Photograph by Blane Perun

Water Quality

Two main factors should be considered when setting up reef aquarium water: the salinity and water movement. The first step is getting the chemical balance correct to mimic natural salt water, known as NSW among reef aquarium owners.

If you are converting freshwater to saltwater using a sea salt mix, look on the label to make sure it contains the elements that are contained in salt water: chlorine, sodium, magnesium, sulfur, calcium, potassium, bromine, boron, strontium and silicon. On the label, make sure the sea salt mix includes these elements and no other impurities or chemicals. Experts disagree on the best brand of sea salt because what works depends on the chemical composition of the water you start with – every town and city’s water has varying chemical make-ups.

Once the reef aquarium water has been tested for salinity and it is ready, you want to next consider water movement in the tank. Reef tank experts suggest a water turnover rate of 10x: 10 x aquarium capacity in gallons = required flow in gallons per hour. However, some corals need different water flows. Some corals, like the mushroom coral, require little water movement.

On the other hand, some monitpora varieties need medium water movement in the range of 30 to 40 times more flow. This volume of movement mimics waves breaking at the surface of water – in nature, montiporas are most often found in shallow warm water in lagoon-like conditions. They also rely on photosynthesis, like all corals, so being close to the surface to attain the sunlight is important. Water flow is how corals get food to make up for what they can’t develop through photosynthesis. Further, water flow regulates water temperature so that corals don’t experience thermal shock from colder water than what they are used to in nature. Corals thrive in water that is between 72 and 78 degrees Fahrenheit.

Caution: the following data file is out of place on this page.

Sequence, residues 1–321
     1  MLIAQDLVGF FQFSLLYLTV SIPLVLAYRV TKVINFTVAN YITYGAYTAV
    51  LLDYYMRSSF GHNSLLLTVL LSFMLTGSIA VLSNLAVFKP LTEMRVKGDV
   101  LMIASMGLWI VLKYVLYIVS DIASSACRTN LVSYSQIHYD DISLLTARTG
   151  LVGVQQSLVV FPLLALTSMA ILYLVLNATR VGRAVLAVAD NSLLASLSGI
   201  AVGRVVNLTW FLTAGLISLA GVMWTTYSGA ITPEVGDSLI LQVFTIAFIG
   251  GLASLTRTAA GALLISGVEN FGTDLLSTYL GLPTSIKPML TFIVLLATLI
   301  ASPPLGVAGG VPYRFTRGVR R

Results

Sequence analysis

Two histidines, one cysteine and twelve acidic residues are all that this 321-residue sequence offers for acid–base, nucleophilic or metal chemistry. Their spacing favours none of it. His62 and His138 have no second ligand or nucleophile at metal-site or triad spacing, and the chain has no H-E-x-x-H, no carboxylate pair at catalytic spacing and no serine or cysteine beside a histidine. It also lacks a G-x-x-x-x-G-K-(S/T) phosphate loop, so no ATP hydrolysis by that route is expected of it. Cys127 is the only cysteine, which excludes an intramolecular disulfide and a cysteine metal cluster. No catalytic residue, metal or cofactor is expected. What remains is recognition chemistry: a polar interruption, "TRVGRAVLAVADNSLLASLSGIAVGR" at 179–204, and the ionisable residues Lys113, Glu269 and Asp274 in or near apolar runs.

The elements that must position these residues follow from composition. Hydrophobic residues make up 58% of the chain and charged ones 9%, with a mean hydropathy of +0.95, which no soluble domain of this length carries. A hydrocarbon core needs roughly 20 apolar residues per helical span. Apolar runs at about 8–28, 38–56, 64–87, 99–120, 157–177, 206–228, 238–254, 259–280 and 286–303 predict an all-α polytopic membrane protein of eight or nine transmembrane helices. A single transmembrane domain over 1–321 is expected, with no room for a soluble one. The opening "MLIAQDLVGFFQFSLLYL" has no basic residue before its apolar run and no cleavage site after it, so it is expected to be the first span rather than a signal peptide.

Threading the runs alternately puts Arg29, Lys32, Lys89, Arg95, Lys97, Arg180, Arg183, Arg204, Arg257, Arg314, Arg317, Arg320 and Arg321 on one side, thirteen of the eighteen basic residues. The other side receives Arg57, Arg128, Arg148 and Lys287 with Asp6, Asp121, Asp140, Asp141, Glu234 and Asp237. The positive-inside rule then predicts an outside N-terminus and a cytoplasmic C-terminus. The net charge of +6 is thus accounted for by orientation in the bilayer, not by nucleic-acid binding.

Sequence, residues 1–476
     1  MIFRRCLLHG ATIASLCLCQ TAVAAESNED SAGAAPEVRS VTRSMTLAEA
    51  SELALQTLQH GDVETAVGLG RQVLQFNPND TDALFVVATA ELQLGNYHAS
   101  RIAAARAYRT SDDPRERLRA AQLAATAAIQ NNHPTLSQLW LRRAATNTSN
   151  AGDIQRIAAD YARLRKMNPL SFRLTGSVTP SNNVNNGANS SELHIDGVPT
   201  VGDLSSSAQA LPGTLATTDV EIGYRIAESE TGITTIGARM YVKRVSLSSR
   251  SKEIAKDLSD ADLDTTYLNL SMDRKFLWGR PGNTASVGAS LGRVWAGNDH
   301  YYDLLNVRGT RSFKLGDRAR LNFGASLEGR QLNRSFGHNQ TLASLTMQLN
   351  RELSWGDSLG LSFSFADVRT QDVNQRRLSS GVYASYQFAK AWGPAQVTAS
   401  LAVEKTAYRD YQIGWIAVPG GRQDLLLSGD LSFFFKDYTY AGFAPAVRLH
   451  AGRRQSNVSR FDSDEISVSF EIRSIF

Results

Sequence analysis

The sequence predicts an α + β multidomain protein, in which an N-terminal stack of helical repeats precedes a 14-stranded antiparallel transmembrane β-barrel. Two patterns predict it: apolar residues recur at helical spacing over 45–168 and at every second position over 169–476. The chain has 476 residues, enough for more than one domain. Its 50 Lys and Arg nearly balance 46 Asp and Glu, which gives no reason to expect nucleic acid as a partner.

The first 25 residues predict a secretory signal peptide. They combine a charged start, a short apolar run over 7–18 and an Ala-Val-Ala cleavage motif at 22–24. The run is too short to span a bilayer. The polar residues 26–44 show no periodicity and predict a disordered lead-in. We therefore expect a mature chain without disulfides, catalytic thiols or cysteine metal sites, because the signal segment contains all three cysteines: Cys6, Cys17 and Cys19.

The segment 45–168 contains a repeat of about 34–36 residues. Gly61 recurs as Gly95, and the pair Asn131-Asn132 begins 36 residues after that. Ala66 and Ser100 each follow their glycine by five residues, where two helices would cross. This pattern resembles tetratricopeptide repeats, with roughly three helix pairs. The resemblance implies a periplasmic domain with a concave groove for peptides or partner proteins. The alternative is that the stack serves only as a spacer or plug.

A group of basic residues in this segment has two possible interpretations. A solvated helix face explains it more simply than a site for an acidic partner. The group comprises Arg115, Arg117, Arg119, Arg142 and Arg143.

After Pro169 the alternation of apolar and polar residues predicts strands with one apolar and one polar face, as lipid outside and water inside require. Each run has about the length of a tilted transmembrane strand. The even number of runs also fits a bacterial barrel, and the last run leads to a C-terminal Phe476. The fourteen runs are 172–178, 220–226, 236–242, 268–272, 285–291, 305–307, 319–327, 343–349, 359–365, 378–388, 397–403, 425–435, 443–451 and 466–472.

To ensure proper movement of reef aquarium water, pumps will need to be considered. Most reef aquarists use an overflow. This system drains the water into a sump and then the water is pushed back into tank. Most tanks come equipped with the pre-drilled holes so that you can set up an overflow or pump system. Another way to create water movement is by using multiple power heads which act as small underwater water pumps. These pumps can be turned off and on with a timer to mimic different water movements over time. Propeller pumps are also popular. They can move a lot more water for larger tanks. They move water without a direct force of a power head, therefore using less energy. However, they are more expensive than the other water movement options.

A newer water movement option is the gyre tank. In this model, the tank has a divider in the middle of the aquarium which encourages a maximum amount of water movement. The divider makes an open space that leaves little room for friction against water movement. This method is also a successful way to make water movement in your reef aquarium.

Blane Perun

Blane Perun

Diver - Photographer - Traveler

Whale in Ocean